Child and adolescent mental health teams in Galway, Mayo, and Roscommon are operating with only 53 per cent of necessary staff levels, a situation a Galway city councillor has called “a disgrace”.
Sinn Féin Galway City East councillor and the party's Galway West General Election candidate, Mairéad Farrell, has highlighted staff shortage levels and the impact it is having on services.
In the last week, the Children’s Rights Alliance revealed that nearly 7,000 children under 17 were waiting for a community based psychology appointment at the end of last July — with one third of those waiting for more than a year. Cllr Farrell said it was "impossible for these children to get the help they need" when the HSE's A Vision for Change strategy document recommends youth mental health services in Galway, Mayo and Roscommon be fully staffed at 99 whole time equivalent staff. Yet as of December, CAMHS teams had just 52 whole time equivalent doctors and nurses.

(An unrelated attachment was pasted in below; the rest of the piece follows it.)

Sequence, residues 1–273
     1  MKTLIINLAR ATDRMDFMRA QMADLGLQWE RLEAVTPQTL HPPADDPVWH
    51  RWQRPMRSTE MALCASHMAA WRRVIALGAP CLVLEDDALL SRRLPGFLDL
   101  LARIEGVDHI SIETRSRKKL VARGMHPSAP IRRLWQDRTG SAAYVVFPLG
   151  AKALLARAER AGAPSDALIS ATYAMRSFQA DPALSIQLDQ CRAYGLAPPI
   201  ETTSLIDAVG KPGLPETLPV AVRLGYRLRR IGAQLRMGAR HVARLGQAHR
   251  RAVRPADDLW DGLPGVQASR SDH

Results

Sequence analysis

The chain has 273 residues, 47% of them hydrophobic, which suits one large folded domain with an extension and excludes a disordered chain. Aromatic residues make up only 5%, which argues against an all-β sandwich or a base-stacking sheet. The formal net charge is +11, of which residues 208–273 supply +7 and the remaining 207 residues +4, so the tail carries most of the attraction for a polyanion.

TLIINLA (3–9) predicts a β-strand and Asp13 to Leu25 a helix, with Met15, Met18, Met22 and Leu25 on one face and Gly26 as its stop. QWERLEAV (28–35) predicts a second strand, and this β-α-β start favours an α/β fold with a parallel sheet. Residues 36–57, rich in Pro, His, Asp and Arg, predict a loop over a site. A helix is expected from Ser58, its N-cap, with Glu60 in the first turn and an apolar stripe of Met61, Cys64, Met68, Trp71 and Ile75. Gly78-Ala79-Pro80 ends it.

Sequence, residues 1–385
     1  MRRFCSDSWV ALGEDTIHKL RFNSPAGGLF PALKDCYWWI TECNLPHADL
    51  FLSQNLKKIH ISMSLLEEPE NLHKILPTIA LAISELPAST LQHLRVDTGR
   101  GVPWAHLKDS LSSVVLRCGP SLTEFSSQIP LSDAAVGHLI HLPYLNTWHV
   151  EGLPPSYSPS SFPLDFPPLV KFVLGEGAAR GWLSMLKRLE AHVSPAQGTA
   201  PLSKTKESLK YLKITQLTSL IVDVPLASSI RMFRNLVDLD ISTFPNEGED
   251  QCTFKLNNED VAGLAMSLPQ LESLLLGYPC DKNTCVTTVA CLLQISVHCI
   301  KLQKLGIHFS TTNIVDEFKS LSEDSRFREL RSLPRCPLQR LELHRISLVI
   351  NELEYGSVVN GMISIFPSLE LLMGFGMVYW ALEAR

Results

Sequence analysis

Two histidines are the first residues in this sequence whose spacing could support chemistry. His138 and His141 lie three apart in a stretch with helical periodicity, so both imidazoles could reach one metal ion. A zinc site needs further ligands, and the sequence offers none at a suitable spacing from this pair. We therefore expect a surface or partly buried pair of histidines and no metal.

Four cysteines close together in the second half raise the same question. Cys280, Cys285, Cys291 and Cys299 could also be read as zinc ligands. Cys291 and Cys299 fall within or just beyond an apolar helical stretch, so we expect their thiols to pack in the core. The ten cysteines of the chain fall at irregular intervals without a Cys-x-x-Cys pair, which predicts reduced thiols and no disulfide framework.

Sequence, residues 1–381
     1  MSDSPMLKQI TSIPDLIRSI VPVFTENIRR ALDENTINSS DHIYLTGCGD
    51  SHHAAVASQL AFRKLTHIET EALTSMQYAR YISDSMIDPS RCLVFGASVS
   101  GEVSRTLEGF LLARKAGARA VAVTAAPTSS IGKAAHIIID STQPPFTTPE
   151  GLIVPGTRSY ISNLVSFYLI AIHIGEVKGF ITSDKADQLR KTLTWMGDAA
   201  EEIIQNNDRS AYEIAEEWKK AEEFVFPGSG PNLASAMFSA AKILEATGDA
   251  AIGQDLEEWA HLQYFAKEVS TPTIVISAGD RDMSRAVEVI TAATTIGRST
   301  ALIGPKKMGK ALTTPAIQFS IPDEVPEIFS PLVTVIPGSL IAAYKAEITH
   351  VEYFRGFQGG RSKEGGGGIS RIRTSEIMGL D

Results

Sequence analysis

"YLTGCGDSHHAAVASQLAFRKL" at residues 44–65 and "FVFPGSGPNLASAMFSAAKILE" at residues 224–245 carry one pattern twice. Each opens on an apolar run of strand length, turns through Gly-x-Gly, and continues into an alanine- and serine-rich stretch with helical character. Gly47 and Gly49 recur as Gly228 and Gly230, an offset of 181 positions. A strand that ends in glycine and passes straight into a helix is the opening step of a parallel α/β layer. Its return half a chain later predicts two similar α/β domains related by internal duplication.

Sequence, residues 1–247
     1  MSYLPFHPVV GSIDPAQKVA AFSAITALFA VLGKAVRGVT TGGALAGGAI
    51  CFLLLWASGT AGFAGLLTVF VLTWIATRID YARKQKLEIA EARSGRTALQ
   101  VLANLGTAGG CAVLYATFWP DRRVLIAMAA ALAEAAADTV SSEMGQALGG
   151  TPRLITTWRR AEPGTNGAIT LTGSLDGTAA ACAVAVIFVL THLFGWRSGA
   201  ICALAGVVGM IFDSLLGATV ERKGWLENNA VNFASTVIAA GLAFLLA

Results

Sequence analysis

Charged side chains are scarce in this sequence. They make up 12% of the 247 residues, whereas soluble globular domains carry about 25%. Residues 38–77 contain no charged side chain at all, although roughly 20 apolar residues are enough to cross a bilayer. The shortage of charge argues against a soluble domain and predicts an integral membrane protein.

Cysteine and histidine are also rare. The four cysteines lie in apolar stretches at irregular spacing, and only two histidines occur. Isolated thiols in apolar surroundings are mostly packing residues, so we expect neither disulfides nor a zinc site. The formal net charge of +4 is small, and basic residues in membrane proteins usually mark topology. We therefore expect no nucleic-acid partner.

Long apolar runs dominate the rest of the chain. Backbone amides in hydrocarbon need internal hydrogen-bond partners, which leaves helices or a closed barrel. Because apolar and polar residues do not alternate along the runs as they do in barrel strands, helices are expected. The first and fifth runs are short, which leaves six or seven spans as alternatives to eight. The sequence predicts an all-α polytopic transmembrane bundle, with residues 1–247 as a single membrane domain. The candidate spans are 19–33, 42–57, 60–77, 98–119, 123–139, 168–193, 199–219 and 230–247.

Cllr Farrell said it was also "shocking" that in December 2017 the HSE responded to a parliamentary question outlining how the staffing levels for CAMHS in the west of Ireland has not only failed to increase, but has actually fallen by four per cent to 53 per cent of the total staff needed. In June 2017, the Minister for Health Simon Harris indicated that CAMHS teams in Galway, Mayo and Roscommon were operating with just 57 per cent of the staff necessary.
“A lot of talk followed about addressing these shortfalls, especially after the Seanad Public Consultation Committee Report on Children’s Mental Health Services found that the increase in mental health problems, and in child population, had not been matched by an increase in services," said Cllr Farrell. “That this is happening at a time when we are more aware than ever of the complexities and difficulties for people, particularly the young, who suffer with their mental health, further compounds this state of affairs."